mini-Kus #25: Magnetism, by Roope Eronon. Using a stripped-down, blunt, and cartoony style, the Finnish artist Eronon spins a futuristic but highly mundane tale of a sales offer made in a near-abandoned cafe. The use of color in this mini is almost a distraction; it's a way of filling in some blank space but is secondary to the conceptual nature of the story. In the course of what is mostly a talking heads story, we learn that the world has mostly plunged into violent chaos, with some vestiges of consumption culture (like the corner) barely hanging on. There's an extended scene at the beginning where the customer gets more and more disappointed by the fact that there's no more coffee, and that even the water in the thermos is cold--and she gets charged 30 euros. That opening scene, where an intricate set of communications results in very little, gets recapitulated later when a salesman offers a woman a chance to travel to another planet through the use of a powerful magnet. When the process goes awry, the mini reveals itself as an elaborate set-up for a very basic joke. Eronon's ability to pace the comic in such a way as to leave the reader constantly wondering and off-balance is the entire reason why the comics succeeds.
mini-Kus #26: Little Hilma, by Jyrki Heikkinen. This delightfully scratchy, beautifully hand-colored comic with an open-page layout is a magical realist look at a family with a father who alternates between being busy and creating a magical, fantasy world for his children. The story features a talking monkey who tells stories to the kids in a highly eloquent fashion and the father retrieving a talking duck who loves playing dress-up. There's no real narrative here, other than creating narratives in a variety of way for an audience that needs them for emotional and intellectual sustenance. The drawings and aesthetics of each page are delightful on their own, entirely apart from the dream logic of the story, as the readers and the children in the story are meant to enjoy the proceedings in exactly the same way: accept and enjoy what you see and hear, and don't worry about anything making sense.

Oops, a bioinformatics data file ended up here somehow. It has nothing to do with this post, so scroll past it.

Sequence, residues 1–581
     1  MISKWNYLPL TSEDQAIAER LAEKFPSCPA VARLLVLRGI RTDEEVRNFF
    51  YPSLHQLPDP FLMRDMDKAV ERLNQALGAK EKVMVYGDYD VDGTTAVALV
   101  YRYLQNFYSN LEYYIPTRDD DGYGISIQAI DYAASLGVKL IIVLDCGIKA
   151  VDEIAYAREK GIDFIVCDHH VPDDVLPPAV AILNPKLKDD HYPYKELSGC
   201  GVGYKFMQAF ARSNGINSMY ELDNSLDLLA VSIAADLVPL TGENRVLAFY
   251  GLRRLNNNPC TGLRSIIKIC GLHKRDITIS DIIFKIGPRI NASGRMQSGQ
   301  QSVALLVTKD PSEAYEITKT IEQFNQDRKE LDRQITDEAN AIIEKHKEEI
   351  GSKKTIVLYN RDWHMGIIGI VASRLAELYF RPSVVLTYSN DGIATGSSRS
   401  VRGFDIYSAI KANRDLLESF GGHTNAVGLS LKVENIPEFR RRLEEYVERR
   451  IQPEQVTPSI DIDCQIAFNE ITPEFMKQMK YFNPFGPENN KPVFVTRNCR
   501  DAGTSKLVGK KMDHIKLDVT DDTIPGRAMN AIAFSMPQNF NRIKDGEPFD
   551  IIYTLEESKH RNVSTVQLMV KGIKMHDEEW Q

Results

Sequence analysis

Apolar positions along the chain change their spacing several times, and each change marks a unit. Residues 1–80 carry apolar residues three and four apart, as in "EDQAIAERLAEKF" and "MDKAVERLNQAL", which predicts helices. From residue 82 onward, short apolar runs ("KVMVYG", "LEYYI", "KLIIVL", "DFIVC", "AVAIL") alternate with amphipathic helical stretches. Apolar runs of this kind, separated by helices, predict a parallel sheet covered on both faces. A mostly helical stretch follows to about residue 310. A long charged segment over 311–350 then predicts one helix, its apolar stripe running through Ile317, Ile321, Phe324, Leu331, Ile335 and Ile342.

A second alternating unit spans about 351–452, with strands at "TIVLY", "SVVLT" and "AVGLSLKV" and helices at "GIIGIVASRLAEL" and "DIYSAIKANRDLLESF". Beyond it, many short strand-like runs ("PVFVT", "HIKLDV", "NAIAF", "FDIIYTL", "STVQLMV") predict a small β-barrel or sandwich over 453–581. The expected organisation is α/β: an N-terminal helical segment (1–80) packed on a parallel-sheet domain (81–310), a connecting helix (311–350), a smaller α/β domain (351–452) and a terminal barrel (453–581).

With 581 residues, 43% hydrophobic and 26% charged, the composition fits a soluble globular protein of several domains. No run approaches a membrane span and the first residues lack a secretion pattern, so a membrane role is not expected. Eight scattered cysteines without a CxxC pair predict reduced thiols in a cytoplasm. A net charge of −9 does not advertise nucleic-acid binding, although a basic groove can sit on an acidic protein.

mini-Kus #27: Mathematical Solutions For A Global Crisis, by Jesse Jacobs. The Canadian cartoonist Jacobs stripped down his normally intricate artwork so as to better fit in this smaller format, throwing one powerful image per page at the reader. Always interested in concepts related to colonialism, futurism and ecology, Jacobs here posits a future world where each subsequent generation of humanity is half the size of its predecessors, until they reach microscopic and sub-microscopic sizes, asymptotically approaching infinite smallness. Each subsequent generation will be just a little more removed from the life, culture and beliefs of the prior generation, an evolutionary paradigm shift that requires each generation to go from one steady-state to another during their lifetimes. Jacobs might argue that thanks to technology, humanity is already experiencing these rapid paradigm shifts, only they don't have the resources or support to fully and safely process these changes. Jacobs' entire theory rests on the idea that scarcity is the significant cause of human misery, and that this idea would eliminate it. I'm skeptical regarding this idea, especially since it doesn't account for natural disasters and disease, but Jacobs comic is interesting as one of several that addresses the idea of a future utopia in uncompromising and optimistic terms. Of course, his use of bright colors and unusual geometric shapes both highlights the more mundane things he's illustrating as well concepts beyond our imaginging.